Tag Archives: Script#

Dynamics CRM 2011 Script# Xrm.Page library

I love it when something becomes community driven! 

A few months ago, I blogged about Script# & Dynamics CRM 2011.  Since then, I‘ve been working on a little side project to make it easier to get started.  As with most side projects, you do them when you find the time.  Unfortunately, time has not been on my side. 

I just got word from @NZxRMGuy that he’s created an open source project on CodePlex that’s a Script# Import Library for Xrm.Page.


He mentioned on Twitter that he also plans on putting this on NuGet.  This is fantastic news!  I just tried a few simple scenarios with the library.  Works like a charm! 


PS – Adding the text ScriptSharp for search engine optimization.

Script# & Dynamics CRM 2011

UPDATE: I’ve gotten feedback from folks that I should remind everyone that there is now a Dynamics CRM 2011 Script# Xrm.Page library.

Script# (aka ScriptSharp) allows you to write C# code that compiles into JavaScript.  If you aren’t familiar with it, please watch this video first:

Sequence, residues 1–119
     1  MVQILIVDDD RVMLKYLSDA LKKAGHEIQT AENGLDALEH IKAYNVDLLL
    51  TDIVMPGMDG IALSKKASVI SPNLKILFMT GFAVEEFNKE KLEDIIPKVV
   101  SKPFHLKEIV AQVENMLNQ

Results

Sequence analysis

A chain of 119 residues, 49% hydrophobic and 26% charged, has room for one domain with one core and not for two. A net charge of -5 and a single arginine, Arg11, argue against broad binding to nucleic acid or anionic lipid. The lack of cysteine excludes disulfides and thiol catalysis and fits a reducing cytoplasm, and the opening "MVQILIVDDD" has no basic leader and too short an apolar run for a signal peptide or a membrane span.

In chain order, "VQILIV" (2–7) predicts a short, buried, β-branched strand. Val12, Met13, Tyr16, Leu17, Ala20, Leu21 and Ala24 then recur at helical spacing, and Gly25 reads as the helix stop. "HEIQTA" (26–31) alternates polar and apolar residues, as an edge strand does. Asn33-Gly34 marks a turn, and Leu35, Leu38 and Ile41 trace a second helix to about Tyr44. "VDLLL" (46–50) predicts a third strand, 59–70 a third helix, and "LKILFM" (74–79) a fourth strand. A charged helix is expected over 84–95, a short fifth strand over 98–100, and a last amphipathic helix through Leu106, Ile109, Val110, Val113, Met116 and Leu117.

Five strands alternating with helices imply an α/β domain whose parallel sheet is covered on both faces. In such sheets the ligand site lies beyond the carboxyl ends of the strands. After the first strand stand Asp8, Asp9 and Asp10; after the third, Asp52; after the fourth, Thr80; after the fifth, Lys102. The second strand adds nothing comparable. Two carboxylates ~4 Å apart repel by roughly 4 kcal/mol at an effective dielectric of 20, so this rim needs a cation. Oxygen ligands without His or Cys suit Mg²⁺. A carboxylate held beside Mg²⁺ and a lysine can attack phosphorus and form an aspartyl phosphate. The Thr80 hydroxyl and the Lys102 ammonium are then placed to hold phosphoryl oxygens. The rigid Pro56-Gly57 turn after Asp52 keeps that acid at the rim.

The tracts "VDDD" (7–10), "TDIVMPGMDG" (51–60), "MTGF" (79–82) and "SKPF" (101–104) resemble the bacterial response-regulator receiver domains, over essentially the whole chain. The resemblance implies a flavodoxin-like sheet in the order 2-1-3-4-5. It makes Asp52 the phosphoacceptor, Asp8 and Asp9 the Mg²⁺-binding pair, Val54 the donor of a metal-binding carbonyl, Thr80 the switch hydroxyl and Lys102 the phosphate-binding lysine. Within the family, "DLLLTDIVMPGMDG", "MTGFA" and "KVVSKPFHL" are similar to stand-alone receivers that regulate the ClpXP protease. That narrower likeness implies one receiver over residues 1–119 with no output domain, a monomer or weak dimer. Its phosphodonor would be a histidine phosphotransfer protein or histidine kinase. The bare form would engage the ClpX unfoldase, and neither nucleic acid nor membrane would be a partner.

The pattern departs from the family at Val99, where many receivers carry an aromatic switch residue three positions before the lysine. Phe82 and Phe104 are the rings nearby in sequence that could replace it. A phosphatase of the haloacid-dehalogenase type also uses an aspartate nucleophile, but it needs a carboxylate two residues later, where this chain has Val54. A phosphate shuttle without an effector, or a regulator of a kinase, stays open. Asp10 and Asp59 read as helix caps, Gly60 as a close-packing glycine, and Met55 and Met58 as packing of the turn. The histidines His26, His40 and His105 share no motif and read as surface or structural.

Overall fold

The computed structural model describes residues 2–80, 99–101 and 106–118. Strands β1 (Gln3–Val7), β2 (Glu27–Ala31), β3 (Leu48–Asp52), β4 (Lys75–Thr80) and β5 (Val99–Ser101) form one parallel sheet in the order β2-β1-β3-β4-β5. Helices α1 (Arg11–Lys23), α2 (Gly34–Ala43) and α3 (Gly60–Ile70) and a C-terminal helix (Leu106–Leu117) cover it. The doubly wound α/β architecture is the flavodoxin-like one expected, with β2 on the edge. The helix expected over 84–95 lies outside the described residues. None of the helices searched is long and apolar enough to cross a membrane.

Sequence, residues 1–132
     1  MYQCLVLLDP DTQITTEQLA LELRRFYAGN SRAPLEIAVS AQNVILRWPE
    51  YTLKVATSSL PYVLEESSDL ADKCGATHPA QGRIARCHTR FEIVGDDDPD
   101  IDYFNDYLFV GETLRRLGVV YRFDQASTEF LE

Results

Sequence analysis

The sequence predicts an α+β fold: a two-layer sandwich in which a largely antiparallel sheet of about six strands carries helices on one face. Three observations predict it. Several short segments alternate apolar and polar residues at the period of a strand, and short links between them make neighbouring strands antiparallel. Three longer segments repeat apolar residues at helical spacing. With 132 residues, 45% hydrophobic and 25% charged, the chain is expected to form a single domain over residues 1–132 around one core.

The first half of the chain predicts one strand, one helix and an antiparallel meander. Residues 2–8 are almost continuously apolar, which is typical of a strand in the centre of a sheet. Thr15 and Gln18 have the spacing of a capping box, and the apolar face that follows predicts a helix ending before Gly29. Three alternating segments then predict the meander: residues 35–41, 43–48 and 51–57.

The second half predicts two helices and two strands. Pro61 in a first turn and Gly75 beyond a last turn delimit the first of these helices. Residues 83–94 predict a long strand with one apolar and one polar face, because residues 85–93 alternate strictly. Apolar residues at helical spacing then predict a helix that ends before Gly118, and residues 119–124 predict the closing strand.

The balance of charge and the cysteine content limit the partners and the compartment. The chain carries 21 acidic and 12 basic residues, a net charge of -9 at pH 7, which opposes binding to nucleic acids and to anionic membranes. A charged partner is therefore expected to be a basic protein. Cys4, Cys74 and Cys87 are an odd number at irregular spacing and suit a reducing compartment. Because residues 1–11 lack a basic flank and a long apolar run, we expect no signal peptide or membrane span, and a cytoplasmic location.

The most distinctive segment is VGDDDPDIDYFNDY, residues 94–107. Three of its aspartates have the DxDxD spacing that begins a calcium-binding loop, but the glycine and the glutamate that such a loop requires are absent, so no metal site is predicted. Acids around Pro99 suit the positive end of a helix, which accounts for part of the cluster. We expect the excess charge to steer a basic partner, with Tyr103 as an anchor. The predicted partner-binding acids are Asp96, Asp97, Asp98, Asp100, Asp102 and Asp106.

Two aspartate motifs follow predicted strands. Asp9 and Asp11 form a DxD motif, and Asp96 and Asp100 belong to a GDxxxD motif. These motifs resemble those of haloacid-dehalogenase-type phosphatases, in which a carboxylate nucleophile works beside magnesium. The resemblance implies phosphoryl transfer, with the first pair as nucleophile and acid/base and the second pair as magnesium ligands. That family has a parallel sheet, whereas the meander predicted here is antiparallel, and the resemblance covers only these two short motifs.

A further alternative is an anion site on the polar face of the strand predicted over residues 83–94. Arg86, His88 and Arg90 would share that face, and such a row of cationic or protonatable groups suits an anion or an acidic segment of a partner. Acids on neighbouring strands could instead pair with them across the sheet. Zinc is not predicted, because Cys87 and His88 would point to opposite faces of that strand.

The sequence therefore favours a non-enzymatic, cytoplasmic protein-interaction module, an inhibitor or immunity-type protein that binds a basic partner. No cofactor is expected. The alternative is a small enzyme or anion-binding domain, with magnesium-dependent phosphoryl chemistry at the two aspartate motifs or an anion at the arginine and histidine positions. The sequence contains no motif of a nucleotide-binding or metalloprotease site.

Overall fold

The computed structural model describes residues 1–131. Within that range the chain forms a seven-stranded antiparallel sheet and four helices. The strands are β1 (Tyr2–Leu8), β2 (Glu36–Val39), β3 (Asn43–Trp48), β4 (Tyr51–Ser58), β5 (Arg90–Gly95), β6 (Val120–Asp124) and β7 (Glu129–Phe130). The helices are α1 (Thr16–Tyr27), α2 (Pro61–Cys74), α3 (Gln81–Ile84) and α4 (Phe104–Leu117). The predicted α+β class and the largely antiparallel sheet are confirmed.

I’ve been a fan of Script# ever since it was announced.  However, in my previous role, there were a ton of higher priority technologies for me to cover.  I just never got around to Script# evangelism.  Well now that I am focusing on Dynamics CRM 2011, I have a reason to talk about it.  Script# isn’t for everyone, but those who spend enough time using it tend to swear by it.  In this video, I walk you through two core usage scenarios for Script# in the Dynamics CRM 2011 context:

  • Creating JavaScript web resources
  • Sharing basic logic across server-side code (plugins/workflow activities) & client-side code (JavaScript web resources)

Think of this as an alternative approach to producing JavaScript code for Dynamics CRM 2011.  I tend to like it for all the same reasons the Script# home page calls out: Intellisense that works!, MSBuild Support, Visualize your Code, Intuitive OOP Syntax, Unit Testing Support, Create Documentation, FxCop Code Analysis.  Yes, there are ways to do these things with JavaScript, but Script# lets you use what you already know if you are a C# developer.  If after watching this video, you decide it’s not for you, then erase it from your memory banks and continue with your current approach.

NOTE: Sorry about the audio quality (echo).